Partition in the parlour3 min read . Updated: 13 Aug 2010, 09:11 PM IST
Partition in the parlour
Partition in the parlour
Many Pakistani visitors like to photograph themselves standing in front of the original fireplace, striking that identical pose, hands in exactly the same position as one of the house’s first dapper owners, all those decades ago.
Muhammad Ali Jinnah’s Mumbai house may be the multimillion-dollar attraction in a two-decade-old controversy between India, Pakistan and industrialist Nusli Wadia, but his other house in Delhi has calmly hosted 16 Dutch ambassadors since The Netherlands bought it for Rs5 lakh in 1951. Ironic, since Jinnah’s Delhi residence, which he bought in 1938 to be closer to the political action, is where it all happened.
It was at venues such as the Viceregal Palace (now Rashtrapati Bhavan) and the wood-panelled library of Jinnah’s grand residence on 10, Aurangzeb Road that the nuts and bolts of the future of India were hammered out by men such as Jawaharlal Nehru, Sardar Vallabhbhai Patel, Mahatma Gandhi and Jinnah. These failed talks eventually resulted in Partition. It was here that Jinnah held his last press conference before he left one newly formed country for another.
It’s definitely the most historic house Bob Hiensch, the current Dutch ambassador and the house’s 16th Dutch tenant, has ever lived in. Tracking the recent Indo-Pak talks from his home undoubtedly gave them a “special dimension", says Hiensch, who is acutely aware that the walls of his library were witness to the original precursor of these talks 63 years ago.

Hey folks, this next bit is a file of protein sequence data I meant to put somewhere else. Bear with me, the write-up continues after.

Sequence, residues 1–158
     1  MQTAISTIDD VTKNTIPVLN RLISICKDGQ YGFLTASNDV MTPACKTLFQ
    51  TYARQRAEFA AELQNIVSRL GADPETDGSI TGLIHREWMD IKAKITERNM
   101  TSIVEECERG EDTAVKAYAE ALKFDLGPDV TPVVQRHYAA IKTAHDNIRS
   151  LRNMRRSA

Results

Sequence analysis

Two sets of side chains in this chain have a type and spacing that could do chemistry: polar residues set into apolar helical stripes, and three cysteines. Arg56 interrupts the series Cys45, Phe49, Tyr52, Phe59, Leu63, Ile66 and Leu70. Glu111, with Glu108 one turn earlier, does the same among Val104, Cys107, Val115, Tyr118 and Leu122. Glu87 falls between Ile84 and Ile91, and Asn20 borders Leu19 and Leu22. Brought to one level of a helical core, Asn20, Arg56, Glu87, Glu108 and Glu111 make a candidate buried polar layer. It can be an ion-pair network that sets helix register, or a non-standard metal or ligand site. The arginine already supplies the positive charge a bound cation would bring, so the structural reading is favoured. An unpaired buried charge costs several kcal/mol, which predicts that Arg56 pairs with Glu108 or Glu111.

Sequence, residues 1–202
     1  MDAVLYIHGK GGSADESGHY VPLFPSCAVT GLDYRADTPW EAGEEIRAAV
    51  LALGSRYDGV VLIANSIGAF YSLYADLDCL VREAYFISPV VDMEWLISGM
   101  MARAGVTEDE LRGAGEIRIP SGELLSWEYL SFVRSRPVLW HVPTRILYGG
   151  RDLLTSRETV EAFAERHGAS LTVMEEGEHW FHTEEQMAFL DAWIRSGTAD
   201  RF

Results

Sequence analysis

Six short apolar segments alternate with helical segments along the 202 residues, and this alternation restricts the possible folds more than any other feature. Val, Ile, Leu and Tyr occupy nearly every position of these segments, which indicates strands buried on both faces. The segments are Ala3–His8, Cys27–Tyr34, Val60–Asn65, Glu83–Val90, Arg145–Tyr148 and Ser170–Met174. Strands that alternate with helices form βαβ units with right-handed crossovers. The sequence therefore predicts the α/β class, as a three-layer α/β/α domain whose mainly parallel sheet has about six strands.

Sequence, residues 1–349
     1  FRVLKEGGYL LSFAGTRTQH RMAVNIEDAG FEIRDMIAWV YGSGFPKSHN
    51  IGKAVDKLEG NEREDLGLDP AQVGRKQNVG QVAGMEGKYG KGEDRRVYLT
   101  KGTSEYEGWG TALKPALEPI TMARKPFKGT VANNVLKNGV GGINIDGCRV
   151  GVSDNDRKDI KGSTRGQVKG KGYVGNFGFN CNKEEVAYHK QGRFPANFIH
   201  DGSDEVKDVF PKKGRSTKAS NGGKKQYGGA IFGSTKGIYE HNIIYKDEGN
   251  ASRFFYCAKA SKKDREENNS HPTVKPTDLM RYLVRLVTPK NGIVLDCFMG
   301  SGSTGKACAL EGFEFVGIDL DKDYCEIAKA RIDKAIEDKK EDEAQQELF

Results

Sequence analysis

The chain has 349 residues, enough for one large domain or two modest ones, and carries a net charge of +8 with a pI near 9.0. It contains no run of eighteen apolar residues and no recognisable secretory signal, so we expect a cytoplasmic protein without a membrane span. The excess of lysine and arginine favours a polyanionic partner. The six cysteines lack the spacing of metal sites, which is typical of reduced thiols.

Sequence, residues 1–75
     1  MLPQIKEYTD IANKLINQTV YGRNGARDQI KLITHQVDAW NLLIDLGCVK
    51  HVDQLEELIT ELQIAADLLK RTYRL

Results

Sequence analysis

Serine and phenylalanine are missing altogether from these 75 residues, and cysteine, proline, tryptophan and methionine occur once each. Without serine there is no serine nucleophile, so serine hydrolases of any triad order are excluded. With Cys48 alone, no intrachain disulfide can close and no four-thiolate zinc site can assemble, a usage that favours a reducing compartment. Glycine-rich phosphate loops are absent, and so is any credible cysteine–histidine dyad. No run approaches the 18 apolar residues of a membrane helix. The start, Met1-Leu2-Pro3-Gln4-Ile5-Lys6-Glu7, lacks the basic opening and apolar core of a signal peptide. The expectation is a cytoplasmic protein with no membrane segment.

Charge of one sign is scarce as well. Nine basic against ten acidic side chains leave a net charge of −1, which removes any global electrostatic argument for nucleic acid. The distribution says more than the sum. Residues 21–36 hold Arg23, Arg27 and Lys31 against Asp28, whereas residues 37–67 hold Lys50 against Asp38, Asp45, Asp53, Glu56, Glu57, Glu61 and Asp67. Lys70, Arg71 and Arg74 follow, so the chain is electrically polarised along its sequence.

“Pakistan was born in that corner," says Hiensch, pointing to old images that show where Jinnah usually sat in the library. Of course the Dutch inherited the house emptied of all its furniture and books—the library’s current inhabitants are drawn from Hiensch’s diplomatic stints in Israel, New York, Hong Kong, Paris and Kinshasa. Luckily, the desk he bought in Hong Kong in the 1980s and the restored leather armchairs he picked out in New York look like they could have been selected by Jinnah himself. The room’s antique ceiling fan with little crescent designs too was installed by one of Hiensch’s predecessors, and not Jinnah.
Hiensch says the larger-than-life dimensions of the structure indicate that it was a model house designed to encourage citizens to invest in New Delhi. The foundation stone was laid in March 1920 by Edwin Lutyens, the original architect of the new Imperial capital, though the house itself was built by his contemporary F.B. Blomfield.
“The house reflects the city plan of New Delhi," says Hiensch, pointing out that the design of the central hexagonal hall around which the ground floor sprawls is mirrored on Delhi’s map where often three intersecting roads converge at a roundabout. “That’s the concept of the house too. From an architectural point of view, it’s very special," he says. The first floor has three bedrooms and five bathrooms.
Despite several renovations— the bathrooms are redone every 20 years, central air conditioning was installed, and an airy oval drawing room was added in the 1950s—the house remains pretty much the way Jinnah and his sister Fatima left it. Before leaving for Karachi, he sold it to his friend Ramkrishna Dalmia who briefly turned it into the head office for the anti-cow slaughter movement. Dalmia was a vocal critic of Nehru; in 2009 his daughter Neelima Dalmia Adhar wrote a letter to The Indian Express clarifying that after Partition, when her father got wind of the government’s plan to requisition the property, he sold it to the Dutch.
Ask Hiensch if he knows more about Jinnah because he lives in this house, and he replies that he definitely feels a connection. He is often gifted Jinnah books and agrees with former foreign minister Jaswant Singh’s analysis of Jinnah as a complex, secular leader. “Jinnah is much more complicated than to be dismissed as anti-India," he says. One mystery he hasn’t yet solved though: Which was Jinnah’s bedroom?